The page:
• Creator In-Joke:
    • When Krusty says "15,000 Missoulians" it is a reference to writer Ron Hauge having lived in Missoula, Montana.
    • When the Simpsons' car says "I'll Keell you", this is a reference to a Wiffleball bat in the writer's office that said that.
  • Cruel Twist Ending: Just when it seems the town has forgiven the Simpsons, we see the actual reason why the Springfieldians are at their house: They're repossessing the Simpsons' belongings.
  • Deconstruction: Of probably "Simpsons Roasting on an Open Fire" and the melodramatic Christmas special episodes as a whole. The episode goes to show what would happen if the ever petulant and corrigible population of Springfield outside of The Simpson family engaged in the spirit of Christmas, but never meant it, while much like the first episode of the series, the family's Christmas gets worse as they try to salvage what they can, but escalates it up to eleven, as every one of Springfield's populace begins to harbor materialistic priorities by putting them in personal debt to pay back out of selfish gain, and claims them as thieves and liars when they don't.
  • Defeat Equals Friendship: Of the more cynical kind. The rest of Springfield can't take being mad at the Simpsons anymore, so just loot their money's worth of stuff from their house and call it even, merrily greeting the mortified Simpsons as they leave.
  • Didn't Think This Through: Bart buries the melted tree/presents in the snow next to the house. It was going to be discovered sooner or later, even if the snow wouldn't melt for a while.
  • Disproportionate Retribution: Unprovoked, Springfield happily collects $15,000 for the Simpsons under the impression that they tragically lost their tree and all their presents on Christmas morning...which they really did, though in an accidental fire and not in a burglary as had been reported. Furthermore, the donors repeatedly encourage the family to splurge the money in an Awesome, but Impractical way when Marge's first impulse is simply to replace the lost items and presumably save the rest, resulting in Homer sinking all of it in a car that explodes on contact with ice water. The town residents that donated are furious when they discover what really became of the tree (at roughly the same time most of the family itself does, Bart having made up the burglary to cover up starting the fire) and, believing themselves the victims of a scam, proceed to loot the Simpsons' house top to bottom to right the balance, taking everything from family pictures to family pets. In other words, the Simpsons suffer an actual loss, are treated to charity they never asked for as a result, and wind up far worse off than they were before when the givers turn on them en masse, simply because they didn't lose their presents and their tree in an acceptable fashion.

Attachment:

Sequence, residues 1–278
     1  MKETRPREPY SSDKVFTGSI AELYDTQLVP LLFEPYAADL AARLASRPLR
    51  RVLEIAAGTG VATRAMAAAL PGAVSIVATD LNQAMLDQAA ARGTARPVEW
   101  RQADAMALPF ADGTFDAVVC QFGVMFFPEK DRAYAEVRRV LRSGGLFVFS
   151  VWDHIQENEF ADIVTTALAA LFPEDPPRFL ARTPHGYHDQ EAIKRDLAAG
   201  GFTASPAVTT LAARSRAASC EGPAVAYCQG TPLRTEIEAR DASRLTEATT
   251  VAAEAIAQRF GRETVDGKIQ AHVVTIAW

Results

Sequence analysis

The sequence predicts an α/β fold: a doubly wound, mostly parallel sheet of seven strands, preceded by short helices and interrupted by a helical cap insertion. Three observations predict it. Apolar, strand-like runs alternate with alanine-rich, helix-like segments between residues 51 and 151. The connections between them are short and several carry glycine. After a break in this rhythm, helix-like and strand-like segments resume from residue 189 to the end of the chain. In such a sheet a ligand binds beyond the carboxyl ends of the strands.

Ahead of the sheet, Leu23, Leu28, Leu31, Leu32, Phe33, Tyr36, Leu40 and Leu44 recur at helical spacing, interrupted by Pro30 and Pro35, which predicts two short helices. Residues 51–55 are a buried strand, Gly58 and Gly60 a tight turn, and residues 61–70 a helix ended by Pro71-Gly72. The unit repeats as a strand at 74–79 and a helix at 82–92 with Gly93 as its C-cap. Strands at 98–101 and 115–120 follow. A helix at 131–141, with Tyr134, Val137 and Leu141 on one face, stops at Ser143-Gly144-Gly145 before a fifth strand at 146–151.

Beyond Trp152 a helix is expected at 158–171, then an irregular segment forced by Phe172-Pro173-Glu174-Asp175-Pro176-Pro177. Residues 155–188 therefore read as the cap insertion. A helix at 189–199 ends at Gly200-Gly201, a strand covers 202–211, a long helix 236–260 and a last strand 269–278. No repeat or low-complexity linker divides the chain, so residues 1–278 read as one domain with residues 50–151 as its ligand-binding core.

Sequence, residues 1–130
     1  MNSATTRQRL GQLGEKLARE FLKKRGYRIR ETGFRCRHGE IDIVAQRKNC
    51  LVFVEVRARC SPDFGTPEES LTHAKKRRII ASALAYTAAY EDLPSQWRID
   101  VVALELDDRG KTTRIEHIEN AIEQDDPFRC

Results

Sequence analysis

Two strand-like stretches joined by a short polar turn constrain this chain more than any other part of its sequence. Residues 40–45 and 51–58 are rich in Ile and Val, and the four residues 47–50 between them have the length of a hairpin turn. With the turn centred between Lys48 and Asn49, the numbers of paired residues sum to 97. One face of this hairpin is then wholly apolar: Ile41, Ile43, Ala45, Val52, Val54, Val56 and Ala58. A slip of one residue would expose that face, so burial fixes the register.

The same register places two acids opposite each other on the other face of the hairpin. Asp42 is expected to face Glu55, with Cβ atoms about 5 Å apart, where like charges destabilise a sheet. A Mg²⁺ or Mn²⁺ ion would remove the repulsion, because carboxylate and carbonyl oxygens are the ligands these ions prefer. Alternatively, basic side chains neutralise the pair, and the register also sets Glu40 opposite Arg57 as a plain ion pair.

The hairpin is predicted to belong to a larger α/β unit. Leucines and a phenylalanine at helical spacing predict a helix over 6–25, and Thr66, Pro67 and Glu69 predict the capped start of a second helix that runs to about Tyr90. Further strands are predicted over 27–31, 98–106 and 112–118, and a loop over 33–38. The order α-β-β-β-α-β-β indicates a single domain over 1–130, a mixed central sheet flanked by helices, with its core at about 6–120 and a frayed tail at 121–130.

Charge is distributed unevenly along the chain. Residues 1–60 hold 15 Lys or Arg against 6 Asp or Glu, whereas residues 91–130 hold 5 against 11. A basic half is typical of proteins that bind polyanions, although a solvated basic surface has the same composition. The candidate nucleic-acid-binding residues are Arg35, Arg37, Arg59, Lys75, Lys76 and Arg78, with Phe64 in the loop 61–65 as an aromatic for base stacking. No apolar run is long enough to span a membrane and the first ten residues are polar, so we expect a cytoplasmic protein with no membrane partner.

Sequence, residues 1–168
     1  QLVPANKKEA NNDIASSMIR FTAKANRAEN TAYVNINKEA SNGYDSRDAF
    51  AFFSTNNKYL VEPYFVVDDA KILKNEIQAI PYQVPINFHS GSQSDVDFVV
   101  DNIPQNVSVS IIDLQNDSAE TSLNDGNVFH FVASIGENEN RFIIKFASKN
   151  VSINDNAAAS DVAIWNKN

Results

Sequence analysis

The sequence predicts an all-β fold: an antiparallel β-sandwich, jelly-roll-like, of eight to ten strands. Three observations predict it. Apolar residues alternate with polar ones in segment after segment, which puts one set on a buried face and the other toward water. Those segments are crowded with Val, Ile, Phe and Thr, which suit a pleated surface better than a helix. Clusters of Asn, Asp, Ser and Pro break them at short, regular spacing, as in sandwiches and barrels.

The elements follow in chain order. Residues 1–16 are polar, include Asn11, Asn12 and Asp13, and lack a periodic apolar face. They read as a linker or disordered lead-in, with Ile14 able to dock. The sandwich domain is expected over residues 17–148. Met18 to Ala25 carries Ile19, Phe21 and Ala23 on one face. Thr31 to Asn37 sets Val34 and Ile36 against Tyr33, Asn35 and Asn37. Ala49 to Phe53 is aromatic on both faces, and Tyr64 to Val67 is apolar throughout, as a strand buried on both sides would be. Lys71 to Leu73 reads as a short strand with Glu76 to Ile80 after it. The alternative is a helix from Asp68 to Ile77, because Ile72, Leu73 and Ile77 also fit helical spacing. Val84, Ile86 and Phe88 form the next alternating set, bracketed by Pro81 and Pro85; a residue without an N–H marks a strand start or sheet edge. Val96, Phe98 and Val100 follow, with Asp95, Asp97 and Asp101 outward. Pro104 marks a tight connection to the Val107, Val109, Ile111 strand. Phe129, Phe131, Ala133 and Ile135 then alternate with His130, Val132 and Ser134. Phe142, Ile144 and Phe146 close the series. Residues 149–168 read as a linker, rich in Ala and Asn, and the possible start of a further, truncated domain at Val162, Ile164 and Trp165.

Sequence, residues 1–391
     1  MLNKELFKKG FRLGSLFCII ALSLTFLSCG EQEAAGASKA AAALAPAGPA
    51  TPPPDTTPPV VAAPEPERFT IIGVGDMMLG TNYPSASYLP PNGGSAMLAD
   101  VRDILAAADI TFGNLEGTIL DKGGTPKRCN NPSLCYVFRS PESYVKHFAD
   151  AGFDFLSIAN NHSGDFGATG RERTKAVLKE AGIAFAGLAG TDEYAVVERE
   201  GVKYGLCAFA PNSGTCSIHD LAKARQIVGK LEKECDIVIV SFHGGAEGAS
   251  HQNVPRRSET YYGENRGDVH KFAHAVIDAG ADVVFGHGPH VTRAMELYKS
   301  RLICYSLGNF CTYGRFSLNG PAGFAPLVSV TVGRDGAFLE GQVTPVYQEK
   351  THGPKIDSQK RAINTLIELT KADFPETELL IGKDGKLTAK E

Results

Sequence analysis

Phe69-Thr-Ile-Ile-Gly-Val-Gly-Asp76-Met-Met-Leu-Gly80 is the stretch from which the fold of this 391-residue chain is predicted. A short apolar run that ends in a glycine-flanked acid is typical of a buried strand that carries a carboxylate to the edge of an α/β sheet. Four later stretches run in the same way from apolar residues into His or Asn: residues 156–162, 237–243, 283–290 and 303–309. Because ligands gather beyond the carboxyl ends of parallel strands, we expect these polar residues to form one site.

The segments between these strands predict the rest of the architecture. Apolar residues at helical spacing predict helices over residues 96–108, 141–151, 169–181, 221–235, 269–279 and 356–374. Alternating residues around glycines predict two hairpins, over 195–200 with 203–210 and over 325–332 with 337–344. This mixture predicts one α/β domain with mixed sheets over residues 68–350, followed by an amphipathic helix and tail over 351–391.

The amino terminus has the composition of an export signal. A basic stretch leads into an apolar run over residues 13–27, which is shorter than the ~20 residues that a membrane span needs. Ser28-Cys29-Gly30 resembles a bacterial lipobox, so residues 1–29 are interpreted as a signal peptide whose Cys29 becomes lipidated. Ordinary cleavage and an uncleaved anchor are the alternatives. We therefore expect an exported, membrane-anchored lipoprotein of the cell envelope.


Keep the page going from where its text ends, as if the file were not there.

• Do Wrong, Right: Homer pulling Lisa away from strangling Bart...so he can do a better job.
    Homer: Lisa, no! Your hands are too weak!
  • Epic Fail: Marge losing so bad on Jeopardy! that she now owes $5,200 to Alex Trebek.
  • Every Car Is a Pinto: The car the family buys with the $15,000 from the townspeople blows up from just sinking into icy water.
  • Failed a Spot Check: Homer doesn't notice the $12,000 price tag on a car he plans on buying with the $15,000 in donations. The salesman is all too happy to take advantage.
  • From Bad to Worse: Bart accidentally destroying the family's Christmas, but his attempt to cover it up ultimately leads to the entire family being shunned by the townspeople, and then eventually robbed for real when the citizens reposes all of their belongings to pay of their debt.
  • Game Show Appearance: Marge goes on Jeopardy! to try to repay Springfield, but ends up with -$5,200 instead.